house has been bought by developers, who are still wondering what to do with it. A hotel, perhaps. In summer the area's popular with day trippers, and some ideas work, while others inexplicably fail. We turn back, down the overgrown path, back over the golden leaves. Behind us, the ruins, the silence, the eager forest.
Collage by Anna Neidhart After spending seven years in Berlin, E. E. Mason moved to Vancouver to pursue an MFA in Creative Writing. She now lives in London. Her work has appeared in Malahat Review. Germany Issue, May 2013 | 17
Does the idea of living and working in a library for a whole month sound too good to be true? Now in its third year, Gladstone’s Library is looking for four writers to take up residence in 2014, following in the footsteps of the 2013 winners: Sarah Perry, Richard Beard, Peter Jukes, Vanessa Gebbie, Katrina Naomi and Angela Topping. Submissions open from Monday 1st April until Saturday 31st August. For more details and full rules, visit www.gladstoneslibrary.org
Gladstone’s Library is the UK’s only residential library. Based in beautiful north Wales, yet close to major cities, the Library is the perfect place for an affordable getaway for anyone wanting to write, read or seek inspiration. Gladstone’s Library runs a variety of courses and events throughout the year on a wide range of topics.
Creative Writing Book Launches Theology Film
Author Talks History Philosophy Conversation Dinners
For more details, visit www.gladstoneslibrary.org Call 01244 532350 www.gladstoneslibrary.org We’re on Twitter @gladlib | Litro Magazine and18Facebook
HEIDELBERG, A BEAUTIFUL LIFE: 1946-1951 In some families, cigarettes are good for your health.
by Florence Grende How long before they could afford our flat with its glass French doors, gardens, and pond that so enchanted me? Constructed of small stones, about two feet high and perfectly round, swimming in it, outsized goldfish, shimmering with tones ranging from silver and coral to coal and coral. Watching them as a child, I longed to join in, to glide through water aimlessly, secure, in that compact world. “We had a beautiful life in Heidelberg,” my parents’ friend, Sara, says. She, one of the youngest to survive the war in the Polish forests at age fourteen, my only source for family history, now that Mameh and Tateh are both gone. Holocaust survivors, they had all emigrated to American Occupied Heidleberg from Poland. To begin anew. With the German Reichmark worthless and goods scarce, a black market economy thrived. And, according to Sara, so did we. “What were they dealing?” I ask Sara about Tateh, and his partner, her husband, Moishe. “Cigarettes, with cigarettes you could buy anything, With cigarettes I paid for my gall bladder operation.” In fact cigarettes became commodity-money, used by everyone to buy and sell in Germany, from 1945 until 1948, when the Deutshe Mark began to bolster the economy. “They had people who drove them around. My husband had a Mercedes-Benz.” “You had a girl who stayed with you. A nurse.” Four years old at the time, I remember several. For a hungry populace, cigarettes, easily transported, standardized and divisible, bought food. At the time the Allies rationed less than 1000 calories per day. With cigarettes as money one could buy butter, eggs and meat from a farmer, sugar and other staples on the black and gray markets.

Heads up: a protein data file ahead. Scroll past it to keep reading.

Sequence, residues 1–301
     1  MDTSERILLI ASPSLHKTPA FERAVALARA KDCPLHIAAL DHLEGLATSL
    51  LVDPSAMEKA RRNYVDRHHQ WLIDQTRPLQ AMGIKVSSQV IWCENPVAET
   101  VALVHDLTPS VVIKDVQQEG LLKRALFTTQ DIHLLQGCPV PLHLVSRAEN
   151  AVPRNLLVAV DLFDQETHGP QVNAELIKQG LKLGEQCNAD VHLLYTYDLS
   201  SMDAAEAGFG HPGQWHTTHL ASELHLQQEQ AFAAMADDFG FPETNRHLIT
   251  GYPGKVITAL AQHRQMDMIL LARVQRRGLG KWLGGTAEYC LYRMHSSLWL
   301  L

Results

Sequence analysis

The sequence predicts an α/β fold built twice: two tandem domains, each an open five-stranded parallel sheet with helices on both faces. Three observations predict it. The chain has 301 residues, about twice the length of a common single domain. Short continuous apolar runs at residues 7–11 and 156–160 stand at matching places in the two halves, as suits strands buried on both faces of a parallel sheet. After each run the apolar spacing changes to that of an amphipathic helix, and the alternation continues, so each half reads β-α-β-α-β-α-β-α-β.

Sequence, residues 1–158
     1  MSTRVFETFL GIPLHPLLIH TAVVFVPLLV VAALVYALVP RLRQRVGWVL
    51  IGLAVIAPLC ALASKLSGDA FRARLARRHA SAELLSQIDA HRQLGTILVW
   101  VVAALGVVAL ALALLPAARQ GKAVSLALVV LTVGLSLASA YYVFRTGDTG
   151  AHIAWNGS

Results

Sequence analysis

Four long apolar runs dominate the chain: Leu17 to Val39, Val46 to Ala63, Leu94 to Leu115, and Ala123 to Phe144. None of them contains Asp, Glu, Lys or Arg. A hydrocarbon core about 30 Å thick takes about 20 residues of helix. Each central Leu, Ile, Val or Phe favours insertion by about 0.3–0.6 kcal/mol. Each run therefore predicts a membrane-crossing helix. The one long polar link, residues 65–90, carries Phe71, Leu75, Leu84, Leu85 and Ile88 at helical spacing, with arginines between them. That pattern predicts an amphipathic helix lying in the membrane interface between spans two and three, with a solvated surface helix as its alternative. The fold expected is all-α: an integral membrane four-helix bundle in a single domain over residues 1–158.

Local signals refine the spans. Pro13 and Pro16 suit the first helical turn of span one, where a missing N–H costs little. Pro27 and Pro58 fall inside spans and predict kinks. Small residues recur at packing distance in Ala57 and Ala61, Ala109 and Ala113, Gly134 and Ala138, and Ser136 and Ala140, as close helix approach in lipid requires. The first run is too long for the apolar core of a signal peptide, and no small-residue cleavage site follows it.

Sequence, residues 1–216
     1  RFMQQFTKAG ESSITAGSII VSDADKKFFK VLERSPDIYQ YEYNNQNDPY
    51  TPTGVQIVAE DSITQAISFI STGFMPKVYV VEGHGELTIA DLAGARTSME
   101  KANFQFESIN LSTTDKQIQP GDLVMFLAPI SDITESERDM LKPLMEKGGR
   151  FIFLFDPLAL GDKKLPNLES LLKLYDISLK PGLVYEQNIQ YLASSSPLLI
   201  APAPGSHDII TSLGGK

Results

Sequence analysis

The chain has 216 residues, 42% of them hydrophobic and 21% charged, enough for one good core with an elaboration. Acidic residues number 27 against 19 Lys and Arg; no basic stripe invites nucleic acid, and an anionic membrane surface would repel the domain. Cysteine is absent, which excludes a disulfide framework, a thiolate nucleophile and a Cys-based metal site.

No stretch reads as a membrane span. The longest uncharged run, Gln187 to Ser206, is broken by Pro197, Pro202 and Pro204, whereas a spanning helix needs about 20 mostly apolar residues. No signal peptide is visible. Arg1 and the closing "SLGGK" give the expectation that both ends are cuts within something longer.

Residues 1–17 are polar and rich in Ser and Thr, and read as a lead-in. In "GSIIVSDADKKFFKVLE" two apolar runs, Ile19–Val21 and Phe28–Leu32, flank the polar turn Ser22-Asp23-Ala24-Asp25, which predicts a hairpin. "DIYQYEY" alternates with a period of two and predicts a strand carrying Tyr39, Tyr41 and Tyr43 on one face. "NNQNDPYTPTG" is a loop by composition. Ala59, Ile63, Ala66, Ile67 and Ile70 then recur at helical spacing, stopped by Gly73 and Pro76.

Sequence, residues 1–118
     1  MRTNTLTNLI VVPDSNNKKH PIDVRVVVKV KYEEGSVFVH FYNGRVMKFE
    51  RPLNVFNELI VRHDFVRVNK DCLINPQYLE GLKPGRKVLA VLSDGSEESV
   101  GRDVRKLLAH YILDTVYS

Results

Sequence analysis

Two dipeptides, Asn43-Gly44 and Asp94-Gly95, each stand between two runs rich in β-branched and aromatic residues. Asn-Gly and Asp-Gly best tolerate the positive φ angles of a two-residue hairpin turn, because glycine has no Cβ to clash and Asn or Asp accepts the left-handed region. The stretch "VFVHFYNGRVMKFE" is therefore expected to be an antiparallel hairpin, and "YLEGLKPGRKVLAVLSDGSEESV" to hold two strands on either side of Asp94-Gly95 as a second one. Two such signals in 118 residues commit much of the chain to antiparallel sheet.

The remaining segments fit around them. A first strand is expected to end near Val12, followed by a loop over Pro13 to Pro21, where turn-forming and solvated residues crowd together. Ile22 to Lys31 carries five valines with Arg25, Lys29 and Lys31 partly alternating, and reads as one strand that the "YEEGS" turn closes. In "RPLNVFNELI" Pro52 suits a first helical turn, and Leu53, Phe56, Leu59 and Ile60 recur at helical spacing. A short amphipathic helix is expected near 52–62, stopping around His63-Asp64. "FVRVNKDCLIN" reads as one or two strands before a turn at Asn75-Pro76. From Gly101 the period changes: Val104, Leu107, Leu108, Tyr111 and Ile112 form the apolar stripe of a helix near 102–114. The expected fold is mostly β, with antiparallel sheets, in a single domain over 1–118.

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THE FALL OF BERLIN (OIL ON CANVAS) A Nazi art dealer writes to his American captors, May 1945.
by Jim Ruland 02 May 1945 Captain Stoddard: At your request, I have set down a description of my duties from 1933 until the time of my arrest. I have taken the liberty of providing details of a personal nature. Although these may not be of immediate interest to you, I feel they provide a fuller picture of my circumstances. I was born in 1890 in the village of Ferch to the northwest of Potsdam. My father was the village doctor, my mother its nurse. If this association strikes you as quaint, it is because the Deutschland is different now than it was then. All my life I wanted to be an artist. Perhaps it is a common ambition in young men of privilege, but in me it was a comical one for I was entirely without talent. I did, however, possess a fascination for the interior of things, a curiosity that leads to the joys of classification, which are meager and few, but are the wellsprings of discovery. Discipline, obedience, restraint: these were the skills my father strove to cultivate, perhaps because he recognized them as his own. Thus, I learned to shunt the hot wax of my artistic impulses into the mold of the scholar, and the peculiar habits of my youth served me well as a critic and a collector. All things happen for a reason. I joined the National Socialist Party in October of 1933. I want to make it clear that my motive for joining the party was to enhance my career. I was not much interested in politics. The world of art was more than enough for my overzealous imagination. Perhaps you think this irresponsible of me; perhaps you have a right to think that way. I understood, sooner than most I think, that the National Socialist worldview was stridently straightforward, and just as there was room for only one F端hrer, one Reich, and one people, in the world the party foresaw there would be room for just one kind of art. Uninspired depictions of farm life and rural landscapes hold no great sway over me, and one can only look at so many idealized depictions of Teutonic mythology in the neo-classical style before slipping into a kind of intellectual stupor. These were the works the party championed, and it stood to reason they would, in time, become the only works the Reich would deem suitable for viewing. As you well know, 22 | Litro Magazine
LOVE BY THE WALL The life and walls of medieval Berliners.